Monday, January 19, 2009
Zombies vs. vampires
I saw four movies yesterday.
As far as I'm aware, this ties a modern personal record. (I say "modern" because when I was a toddler, I regularly watched six, seven movies a day. This was before MTV killed my attention span.) I can see myself having watched five movies in a day once, but I don't recall those particular circumstances, so I won't swear to it.
I also feel pretty confident saying this is the first time I've watched movies featuring zombies (Diary of the Dead) and vampires (Let the Right One In) in the same day. Diary of the Dead -- or, George A. Romero's Diary of the Dead, depending on your level of formality -- follows the recent Cloverfield/Quarantine model of crazy events spiraling out of control, being captured by someone who'd been filming something else entirely. Let the Right One In is the 2008 Swedish chiller that's already being hailed as one of the best vampire movies of all time -- enough that they are remaking it this year as an inevitably horrible Hollywood film. (Though the director of Cloverfield is directing, so I have some hope.)
But I'm not here today to talk about the merits of these films, only their thematic similarities. As I watched them yesterday, it got me thinking how much vampires and zombies actually have in common. They are both undead creatures. They both spread their infection through the bite. They both feed off humans, though vampires are clearly only in it for the blood, while zombies like chomping whatever flesh and bone they can get their hands on. (And don't think I consider this some great revelation that no one else has ever identified.)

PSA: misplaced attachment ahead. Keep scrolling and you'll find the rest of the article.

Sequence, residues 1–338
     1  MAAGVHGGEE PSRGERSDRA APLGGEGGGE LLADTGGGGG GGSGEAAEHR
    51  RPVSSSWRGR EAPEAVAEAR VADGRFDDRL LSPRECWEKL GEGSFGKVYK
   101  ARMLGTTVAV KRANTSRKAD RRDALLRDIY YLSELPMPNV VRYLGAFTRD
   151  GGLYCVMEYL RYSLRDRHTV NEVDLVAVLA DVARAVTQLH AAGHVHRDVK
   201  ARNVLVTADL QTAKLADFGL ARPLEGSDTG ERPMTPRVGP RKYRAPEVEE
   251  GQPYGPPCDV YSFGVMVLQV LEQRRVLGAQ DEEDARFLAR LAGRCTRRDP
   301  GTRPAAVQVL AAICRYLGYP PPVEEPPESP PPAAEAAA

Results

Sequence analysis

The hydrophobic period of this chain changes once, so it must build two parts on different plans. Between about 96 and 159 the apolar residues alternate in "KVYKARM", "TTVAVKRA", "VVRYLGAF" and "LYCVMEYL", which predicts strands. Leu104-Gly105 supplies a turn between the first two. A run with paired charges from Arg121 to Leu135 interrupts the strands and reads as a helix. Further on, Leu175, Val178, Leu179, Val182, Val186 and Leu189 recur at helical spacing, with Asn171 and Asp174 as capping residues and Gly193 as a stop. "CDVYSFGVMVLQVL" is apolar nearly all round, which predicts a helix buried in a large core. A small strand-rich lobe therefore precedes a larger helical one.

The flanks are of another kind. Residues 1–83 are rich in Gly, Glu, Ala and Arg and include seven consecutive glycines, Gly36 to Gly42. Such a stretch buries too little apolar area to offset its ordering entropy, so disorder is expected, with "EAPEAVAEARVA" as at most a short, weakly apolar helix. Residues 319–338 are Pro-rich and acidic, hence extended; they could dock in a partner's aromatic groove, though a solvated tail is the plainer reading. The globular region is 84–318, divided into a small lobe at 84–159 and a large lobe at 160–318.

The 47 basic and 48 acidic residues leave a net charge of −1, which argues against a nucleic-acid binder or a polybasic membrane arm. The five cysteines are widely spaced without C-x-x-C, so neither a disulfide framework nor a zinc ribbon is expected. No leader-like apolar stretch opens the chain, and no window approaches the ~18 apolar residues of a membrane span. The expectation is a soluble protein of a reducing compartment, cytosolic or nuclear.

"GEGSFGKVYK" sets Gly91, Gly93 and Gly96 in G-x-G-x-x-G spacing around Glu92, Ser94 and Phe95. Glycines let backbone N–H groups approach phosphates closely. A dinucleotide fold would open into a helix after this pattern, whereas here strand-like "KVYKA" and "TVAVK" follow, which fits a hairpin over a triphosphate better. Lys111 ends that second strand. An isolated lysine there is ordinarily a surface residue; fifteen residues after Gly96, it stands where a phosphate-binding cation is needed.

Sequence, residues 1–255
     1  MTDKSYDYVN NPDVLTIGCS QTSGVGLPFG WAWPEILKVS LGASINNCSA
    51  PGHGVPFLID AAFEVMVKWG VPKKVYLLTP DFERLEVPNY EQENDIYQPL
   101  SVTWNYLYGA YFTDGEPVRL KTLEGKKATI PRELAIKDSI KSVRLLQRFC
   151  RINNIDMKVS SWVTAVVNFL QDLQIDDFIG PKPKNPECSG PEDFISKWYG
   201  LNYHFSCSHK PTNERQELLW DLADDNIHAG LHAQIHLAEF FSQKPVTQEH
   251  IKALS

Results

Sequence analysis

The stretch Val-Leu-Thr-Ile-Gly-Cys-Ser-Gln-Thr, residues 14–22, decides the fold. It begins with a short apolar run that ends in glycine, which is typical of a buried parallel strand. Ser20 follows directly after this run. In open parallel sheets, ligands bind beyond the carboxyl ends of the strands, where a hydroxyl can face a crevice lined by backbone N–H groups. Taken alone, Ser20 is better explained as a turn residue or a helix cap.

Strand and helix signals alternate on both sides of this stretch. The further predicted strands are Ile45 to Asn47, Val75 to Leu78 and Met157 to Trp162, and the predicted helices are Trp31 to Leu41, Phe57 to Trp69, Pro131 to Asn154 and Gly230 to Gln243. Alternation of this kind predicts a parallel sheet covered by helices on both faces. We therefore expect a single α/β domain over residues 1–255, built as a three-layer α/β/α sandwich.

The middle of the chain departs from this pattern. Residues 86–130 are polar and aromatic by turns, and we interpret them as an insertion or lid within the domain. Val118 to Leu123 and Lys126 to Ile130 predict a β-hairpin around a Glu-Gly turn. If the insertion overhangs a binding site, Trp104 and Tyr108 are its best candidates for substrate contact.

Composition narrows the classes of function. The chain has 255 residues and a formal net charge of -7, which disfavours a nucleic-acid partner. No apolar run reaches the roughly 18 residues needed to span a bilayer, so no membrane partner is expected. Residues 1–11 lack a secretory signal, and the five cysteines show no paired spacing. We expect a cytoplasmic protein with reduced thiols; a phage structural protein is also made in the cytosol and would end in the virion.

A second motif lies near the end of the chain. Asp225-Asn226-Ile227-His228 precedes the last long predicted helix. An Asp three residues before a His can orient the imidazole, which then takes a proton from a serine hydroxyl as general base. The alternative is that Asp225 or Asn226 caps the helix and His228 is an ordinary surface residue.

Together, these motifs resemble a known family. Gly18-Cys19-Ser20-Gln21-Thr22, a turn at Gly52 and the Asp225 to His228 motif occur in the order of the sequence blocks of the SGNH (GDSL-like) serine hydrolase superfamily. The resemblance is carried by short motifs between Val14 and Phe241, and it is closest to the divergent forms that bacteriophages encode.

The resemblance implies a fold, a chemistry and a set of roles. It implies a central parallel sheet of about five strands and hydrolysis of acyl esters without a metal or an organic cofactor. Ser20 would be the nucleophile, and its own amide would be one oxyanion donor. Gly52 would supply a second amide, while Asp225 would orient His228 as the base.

Of course, vampires and zombies differ in many important ways as well -- vampires are sexy and usually have personalities, while zombies are vacant and erratic.
But one of the biggest differences between them -- and this is where I think I've struck an original thought -- is what the people in their worlds know about them. And I realized something very funny about vampire movies and zombie movies:
In vampire movies, all the characters know what a vampire is.
In zombie movies, none of the characters have ever heard of a zombie.
To make this a little more explicit, vampire movies almost always contain the word "vampire"; zombie movies rarely contain the word "zombie." It's almost as though the word "vampire" refers to a known creature in the mythozoological universe, whereas the word "zombie" refers to a genre of film, meaning that using the word stigmatizes and demystifies the actual zombies in the film.
Yesterday's films were a perfect example of this phenomenon. In Diary of the Dead, the word "zombie" is never uttered. The characters refer to the happenings in generic, descriptive ways, like "People who are dying are not staying dead" or "He's become one of them." In Let the Right One In (and this is not giving much away), the little boy starts to get suspicious of the behavior of the 12-year-old girl next door, and asks her directly, "Are you a vampire?"